Many of the plants used in these beds are familiar to us today – iris, phlox, daylilies, coneflowers, asters, delphiniums, catmint, lupins – the list is long. It didn’t matter where on the planet they came from, or if they were improved garden versions of the original wild plants – what mattered was when they bloomed, and how their colors could be blended with the colors of other plants in bloom at the same time. It’s a concept that remains valuable today.
The English Flower Garden
Of course, large gardens needed more than a couple of herbaceous borders. They needed flowering shrubs and trees – lilacs were popular, and roses of course. But in this kind of garden perennials dominate, used in front of shrubs, along paths, and beside lawns. The result was gardens that bloom continuously, with one flower followed by another, from spring into fall – a garden built around flowers.
Building Herbaceous Borders and Flower Gardens
You can easily find, on our site or others, how to grow individual perennials. Information on how to organize plantings is much harder to find, so let’s end with some practical advice.
If you aspire to an English Flower Garden, here are some tips:
- A bed that is seen from one end, rather than from the front, looks fuller and richer. You need a minimum size of about 30 feet long and 4 feet deep to put together a bed that looks good for a long season. The famous gardens have beds that are at least 100 feet long and perhaps 10 feet deep.
- Prepare the bed well, with lots of organic material, and dig it as deeply and as thoroughly as you can. Mulch every fall, or every second fall with rich composts, and watch the plants thrive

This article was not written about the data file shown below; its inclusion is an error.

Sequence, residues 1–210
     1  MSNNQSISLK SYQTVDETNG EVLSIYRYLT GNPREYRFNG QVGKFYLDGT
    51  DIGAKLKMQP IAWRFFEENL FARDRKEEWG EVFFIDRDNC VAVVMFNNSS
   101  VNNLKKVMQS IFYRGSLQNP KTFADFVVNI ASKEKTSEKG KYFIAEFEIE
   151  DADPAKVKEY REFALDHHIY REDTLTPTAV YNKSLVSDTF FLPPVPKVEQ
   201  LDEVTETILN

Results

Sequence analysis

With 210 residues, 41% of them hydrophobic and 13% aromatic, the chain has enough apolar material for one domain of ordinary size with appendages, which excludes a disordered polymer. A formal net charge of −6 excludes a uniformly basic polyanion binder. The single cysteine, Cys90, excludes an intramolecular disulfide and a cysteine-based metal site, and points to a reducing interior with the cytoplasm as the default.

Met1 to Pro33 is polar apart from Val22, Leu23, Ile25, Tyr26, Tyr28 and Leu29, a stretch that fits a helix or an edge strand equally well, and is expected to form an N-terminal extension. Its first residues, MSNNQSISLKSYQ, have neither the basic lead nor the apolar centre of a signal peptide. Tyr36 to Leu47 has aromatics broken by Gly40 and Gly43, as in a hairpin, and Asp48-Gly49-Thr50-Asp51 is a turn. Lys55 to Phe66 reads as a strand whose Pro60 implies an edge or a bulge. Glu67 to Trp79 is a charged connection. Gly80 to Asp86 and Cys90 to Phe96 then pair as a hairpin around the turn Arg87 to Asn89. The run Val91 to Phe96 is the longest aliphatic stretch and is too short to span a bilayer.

- Find a seasonal progression of blooming, and notice how each season’s dominant plants produce a dominant color palette of blended colors – here, for example, is one for the northeast, starting in spring and ending in fall:
- Daffodils followed by tulips – yellows, oranges, whites and scarlet-reds
- Peonies and Iris – pinks, purples, burgundy-reds and blues
- Daylilies, catmint and delphiniums – oranges, yellows, purples and blues
- Phlox and coneflowers – pinks and purples
- Asters and sedum – old-rose pinks, purples, blues and hot reds
- Find secondary flowers for each season that have suitable colors.
- Place the plants of each season as if they was all you had – randomly along the bed – don’t group seasons, unless you want to create seasonal beds. The bulbs are placed at the end, in the spaces between the plants, that will be open areas in spring.
- Allow plants plenty of room – it’s amazing how much growth a mature perennial clump makes in a season – and you need to be able to pass through the plants too.
Working with Color
In an English Flower Garden it might look like random arrangements, but it usually isn’t. Most colors are easy to put together, but some cause problems, particularly when using reds and yellows.
To blend these colors successfully we should think of how in reality there are two reds and two yellows. The two reds are scarlets, reds with orange tones in them, and burgundies, reds with purple tones in them. The scarlets go with oranges and yellows, the burgundies with pinks and purples.
Looking at yellows, there are greenish or ‘acid’ yellows that will go with burgundies and purples, and golden yellows that will go with oranges. If you haven’t thought about these differences before it can be a bit tricky to train your eye to distinguish them – fool around with some watercolor paints and it will soon become clear.
Start Gardening with Perennials
Next week we will look at the New American Garden – an offshoot of the English Flower Garden more suited to modern times, with less time for the garden, and the need for more self-sufficient plants. But the tips here apply in those gardens too, even if not many of us have the time to make these intense gardens around our own homes.